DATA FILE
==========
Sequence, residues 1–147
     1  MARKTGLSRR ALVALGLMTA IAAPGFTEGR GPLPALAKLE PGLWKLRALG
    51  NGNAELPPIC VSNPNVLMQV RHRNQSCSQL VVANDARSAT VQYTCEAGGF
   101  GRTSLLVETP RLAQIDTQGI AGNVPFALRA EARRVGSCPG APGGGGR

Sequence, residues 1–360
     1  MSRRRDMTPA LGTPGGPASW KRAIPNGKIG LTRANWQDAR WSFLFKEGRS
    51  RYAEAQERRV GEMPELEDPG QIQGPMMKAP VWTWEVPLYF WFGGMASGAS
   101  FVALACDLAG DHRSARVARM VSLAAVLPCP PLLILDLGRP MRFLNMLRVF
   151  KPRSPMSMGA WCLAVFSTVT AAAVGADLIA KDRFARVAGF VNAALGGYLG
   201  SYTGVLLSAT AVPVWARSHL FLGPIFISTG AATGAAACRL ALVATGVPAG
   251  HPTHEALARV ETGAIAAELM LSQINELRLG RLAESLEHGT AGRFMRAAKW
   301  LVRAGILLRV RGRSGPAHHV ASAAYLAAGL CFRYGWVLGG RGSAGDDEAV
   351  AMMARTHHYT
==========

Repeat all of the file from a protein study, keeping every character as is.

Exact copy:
Sequence, residues 1–147
     1  MARKTGLSRR ALVALGLMTA IAAPGFTEGR GPLPALAKLE PGLWKLRALG
    51  NGNAELPPIC VSNPNVLMQV RHRNQSCSQL VVANDARSAT VQYTCEAGGF
   101  GRTSLLVETP RLAQIDTQGI AGNVPFALRA EARRVGSCPG APGGGGR

Sequence, residues 1–360
     1  MSRRRDMTPA LGTPGGPASW KRAIPNGKIG LTRANWQDAR WSFLFKEGRS
    51  RYAEAQERRV GEMPELEDPG QIQGPMMKAP VWTWEVPLYF WFGGMASGAS
   101  FVALACDLAG DHRSARVARM VSLAAVLPCP PLLILDLGRP MRFLNMLRVF
   151  KPRSPMSMGA WCLAVFSTVT AAAVGADLIA KDRFARVAGF VNAALGGYLG
   201  SYTGVLLSAT AVPVWARSHL FLGPIFISTG AATGAAACRL ALVATGVPAG
   251  HPTHEALARV ETGAIAAELM LSQINELRLG RLAESLEHGT AGRFMRAAKW
   301  LVRAGILLRV RGRSGPAHHV ASAAYLAAGL CFRYGWVLGG RGSAGDDEAV
   351  AMMARTHHYT